I’ll concede that the Trump presidency presents a particular challenge for realists. […] Trump’s singular incompetence isn’t sufficient reason to toss realism aside completely. For one thing, realism still helps us understand how Trump can get away with all this meshugas: The United States is still so powerful and secure that it can do a lot of dumb things and suffer only modest losses. More importantly, realism remains an extremely useful guide to a lot of things that have happened in the recent past or that are happening today. And as Trump is proving weekly, leaders who ignore these insights inevitably make lots of dumb mistakes.

In short, it is still highly useful to think like a realist. Let me explain why.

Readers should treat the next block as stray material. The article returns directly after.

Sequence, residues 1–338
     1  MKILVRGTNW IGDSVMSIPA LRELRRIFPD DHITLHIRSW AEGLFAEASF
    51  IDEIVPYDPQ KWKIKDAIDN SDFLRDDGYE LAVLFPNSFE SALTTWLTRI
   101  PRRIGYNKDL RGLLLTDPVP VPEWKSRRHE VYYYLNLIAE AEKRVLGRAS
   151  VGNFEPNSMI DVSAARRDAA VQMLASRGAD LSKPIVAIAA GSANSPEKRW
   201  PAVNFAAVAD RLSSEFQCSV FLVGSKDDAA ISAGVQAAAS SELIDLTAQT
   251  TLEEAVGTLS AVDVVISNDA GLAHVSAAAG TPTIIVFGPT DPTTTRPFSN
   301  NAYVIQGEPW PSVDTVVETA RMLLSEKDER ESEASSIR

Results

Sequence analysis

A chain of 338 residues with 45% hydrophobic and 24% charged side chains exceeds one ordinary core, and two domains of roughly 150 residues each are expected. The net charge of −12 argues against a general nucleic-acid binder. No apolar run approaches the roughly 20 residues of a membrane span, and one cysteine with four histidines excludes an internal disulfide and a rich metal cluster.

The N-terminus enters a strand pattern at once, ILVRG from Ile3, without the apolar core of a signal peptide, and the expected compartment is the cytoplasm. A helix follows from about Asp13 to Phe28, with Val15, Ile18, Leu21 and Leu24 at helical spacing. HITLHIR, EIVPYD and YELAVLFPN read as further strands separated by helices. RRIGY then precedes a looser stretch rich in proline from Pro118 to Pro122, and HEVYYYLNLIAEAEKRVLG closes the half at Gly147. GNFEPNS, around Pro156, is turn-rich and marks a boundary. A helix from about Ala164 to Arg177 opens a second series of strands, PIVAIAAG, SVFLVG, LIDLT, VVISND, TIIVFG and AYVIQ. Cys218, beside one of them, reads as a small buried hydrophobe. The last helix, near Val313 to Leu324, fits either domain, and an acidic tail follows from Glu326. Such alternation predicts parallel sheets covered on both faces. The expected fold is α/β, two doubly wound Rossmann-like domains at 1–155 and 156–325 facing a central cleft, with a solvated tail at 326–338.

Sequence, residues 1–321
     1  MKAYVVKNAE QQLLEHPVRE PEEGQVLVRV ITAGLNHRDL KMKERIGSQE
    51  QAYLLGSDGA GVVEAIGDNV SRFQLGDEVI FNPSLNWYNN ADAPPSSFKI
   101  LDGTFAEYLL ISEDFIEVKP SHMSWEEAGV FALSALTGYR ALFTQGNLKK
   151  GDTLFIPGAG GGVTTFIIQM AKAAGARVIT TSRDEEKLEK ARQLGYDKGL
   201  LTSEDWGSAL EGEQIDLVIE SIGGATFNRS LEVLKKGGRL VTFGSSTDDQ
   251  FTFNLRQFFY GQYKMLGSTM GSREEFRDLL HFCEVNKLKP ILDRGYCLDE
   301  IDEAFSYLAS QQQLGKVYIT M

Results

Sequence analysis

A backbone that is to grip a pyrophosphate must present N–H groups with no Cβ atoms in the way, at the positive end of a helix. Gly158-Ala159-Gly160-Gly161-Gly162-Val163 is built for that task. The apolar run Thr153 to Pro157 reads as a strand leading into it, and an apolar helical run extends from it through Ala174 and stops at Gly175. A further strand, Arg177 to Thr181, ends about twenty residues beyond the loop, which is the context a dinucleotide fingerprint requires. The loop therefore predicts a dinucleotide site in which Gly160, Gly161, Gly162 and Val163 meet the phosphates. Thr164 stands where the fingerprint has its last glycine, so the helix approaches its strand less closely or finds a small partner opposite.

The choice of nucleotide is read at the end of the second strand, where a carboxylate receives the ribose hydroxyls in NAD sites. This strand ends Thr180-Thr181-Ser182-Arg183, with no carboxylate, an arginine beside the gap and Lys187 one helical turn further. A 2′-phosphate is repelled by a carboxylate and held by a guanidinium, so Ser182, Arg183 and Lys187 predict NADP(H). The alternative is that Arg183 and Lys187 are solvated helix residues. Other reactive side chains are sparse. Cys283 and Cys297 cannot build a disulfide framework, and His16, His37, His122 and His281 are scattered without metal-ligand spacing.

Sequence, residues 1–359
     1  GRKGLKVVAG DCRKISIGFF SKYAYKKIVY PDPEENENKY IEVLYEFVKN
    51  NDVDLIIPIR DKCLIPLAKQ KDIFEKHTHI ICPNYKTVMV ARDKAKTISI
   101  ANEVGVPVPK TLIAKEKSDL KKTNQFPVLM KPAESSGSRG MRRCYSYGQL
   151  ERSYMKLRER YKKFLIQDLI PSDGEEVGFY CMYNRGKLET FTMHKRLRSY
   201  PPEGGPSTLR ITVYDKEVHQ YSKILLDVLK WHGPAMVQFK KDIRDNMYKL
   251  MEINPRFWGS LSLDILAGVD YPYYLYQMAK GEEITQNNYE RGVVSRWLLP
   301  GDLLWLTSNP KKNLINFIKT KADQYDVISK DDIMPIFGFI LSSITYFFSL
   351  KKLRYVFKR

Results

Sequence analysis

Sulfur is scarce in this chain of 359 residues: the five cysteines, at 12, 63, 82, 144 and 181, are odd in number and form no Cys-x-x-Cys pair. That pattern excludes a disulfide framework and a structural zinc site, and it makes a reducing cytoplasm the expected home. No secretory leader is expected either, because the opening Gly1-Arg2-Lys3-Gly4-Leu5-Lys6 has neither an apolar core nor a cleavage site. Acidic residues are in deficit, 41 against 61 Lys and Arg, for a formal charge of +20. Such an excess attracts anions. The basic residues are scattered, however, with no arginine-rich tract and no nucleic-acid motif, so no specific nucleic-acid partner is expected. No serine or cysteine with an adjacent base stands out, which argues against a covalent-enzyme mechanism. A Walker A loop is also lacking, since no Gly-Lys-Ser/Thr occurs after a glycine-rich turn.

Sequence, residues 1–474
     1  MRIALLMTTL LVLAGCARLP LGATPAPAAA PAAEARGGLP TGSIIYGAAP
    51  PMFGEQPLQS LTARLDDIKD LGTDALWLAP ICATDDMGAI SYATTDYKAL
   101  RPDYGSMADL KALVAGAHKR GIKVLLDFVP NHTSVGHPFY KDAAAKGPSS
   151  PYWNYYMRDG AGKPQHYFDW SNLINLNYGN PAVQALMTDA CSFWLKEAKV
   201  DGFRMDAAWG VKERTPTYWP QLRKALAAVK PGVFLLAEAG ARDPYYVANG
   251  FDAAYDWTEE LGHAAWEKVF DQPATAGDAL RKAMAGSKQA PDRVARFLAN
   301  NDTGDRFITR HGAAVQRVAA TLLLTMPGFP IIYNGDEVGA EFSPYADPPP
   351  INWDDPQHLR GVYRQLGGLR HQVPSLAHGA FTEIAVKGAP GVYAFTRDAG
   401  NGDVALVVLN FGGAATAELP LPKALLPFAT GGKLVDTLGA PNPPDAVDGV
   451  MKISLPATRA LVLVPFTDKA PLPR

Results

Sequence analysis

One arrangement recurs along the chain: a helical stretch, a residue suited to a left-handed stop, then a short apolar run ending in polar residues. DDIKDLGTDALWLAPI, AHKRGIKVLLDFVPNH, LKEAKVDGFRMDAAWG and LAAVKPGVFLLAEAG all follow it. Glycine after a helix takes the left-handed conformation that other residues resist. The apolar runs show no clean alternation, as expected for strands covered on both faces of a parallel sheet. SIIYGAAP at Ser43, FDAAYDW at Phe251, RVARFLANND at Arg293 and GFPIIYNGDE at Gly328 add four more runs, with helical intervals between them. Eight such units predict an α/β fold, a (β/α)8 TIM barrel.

Other Research & Analysis

New study connects white American intolerance and support for authoritarianism.

Lots of super interesting tidbits in this story. Noah Berlatsky offers the key takeaway from the new study:

A new study…suggests that the main threat to our democracy may not be the hardening of political ideology, but rather the hardening of one particular political ideology. […] [The] study finds a correlation between white American’s intolerance, and support for authoritarian rule. In other words, when intolerant white people fear democracy may benefit marginalized people, they abandon their commitment to democracy.

Thanks for reading!

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Political analyst focused on electoral politics, Congress, demographic trends, polling, public policy, and political history.

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Michael Baharaeen

Michael Baharaeen

Political analyst focused on electoral politics, Congress, demographic trends, polling, public policy, and political history.